If your baby is nursing well, sucking efficiently and gaining weight, the fifth or sixth week is a good time to introduce a bottle with an artificial nipple if you plan on using a bottle at any point in the future.
You may want to start doing this sooner, if you are interested in pumping (or expressing and storing) breastmilk. If your baby still seems to be learning how to suck from the breast, wait until you become a confident nursing couple before trying this.
If your partner wants to feed the baby, or you want to be able to leave the baby for a couple of hours, expressed breast milk in a bottle will make it possible. Learning to pump your milk requires the right pump and some practice. The key is to let down your milk in response to the pump just as you do in response to your baby’s sucking.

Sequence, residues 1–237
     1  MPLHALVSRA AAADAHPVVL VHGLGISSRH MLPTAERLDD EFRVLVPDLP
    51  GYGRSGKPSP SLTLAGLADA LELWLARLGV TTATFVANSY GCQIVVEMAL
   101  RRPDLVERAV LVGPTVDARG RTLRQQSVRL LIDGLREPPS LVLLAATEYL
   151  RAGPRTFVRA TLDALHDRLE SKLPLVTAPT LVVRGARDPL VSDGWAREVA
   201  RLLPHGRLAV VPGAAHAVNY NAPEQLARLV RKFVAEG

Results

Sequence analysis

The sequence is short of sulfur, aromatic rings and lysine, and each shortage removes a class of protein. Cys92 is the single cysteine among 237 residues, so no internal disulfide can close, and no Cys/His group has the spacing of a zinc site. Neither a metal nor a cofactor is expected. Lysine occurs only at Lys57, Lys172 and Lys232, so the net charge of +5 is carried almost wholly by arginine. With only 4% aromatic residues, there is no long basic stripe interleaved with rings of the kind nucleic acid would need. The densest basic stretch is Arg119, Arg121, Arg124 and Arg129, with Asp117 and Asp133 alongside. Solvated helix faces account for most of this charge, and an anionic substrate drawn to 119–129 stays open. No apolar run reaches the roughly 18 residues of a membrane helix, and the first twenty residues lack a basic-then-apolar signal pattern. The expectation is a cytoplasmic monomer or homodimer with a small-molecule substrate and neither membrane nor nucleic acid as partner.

Electric pumps mimic your baby’s suck more closely than manual pumps, and therefore are more effective. They can be expensive to buy but can be rented for a reasonable fee from a hospital, pharmacy or lactation consultant.
Plan your first pumping sessions for an early morning, when you feel fullest, before your baby wakes and wants to nurse. Don’t worry about taking milk that your baby needs for breakfast.
Remember, the more milk you take from your breasts, the more milk your breasts will make. The first few times, you may pump an ounce or less. With practice, many mothers can pump as much as 8 or more ounces in a session!
Store your milk safely in the freezer in small bags or containers designed for the purpose (a lactation consultant can recommend these). For guidelines on storing, freezing and thawing breast milk, see the La Leche League website.
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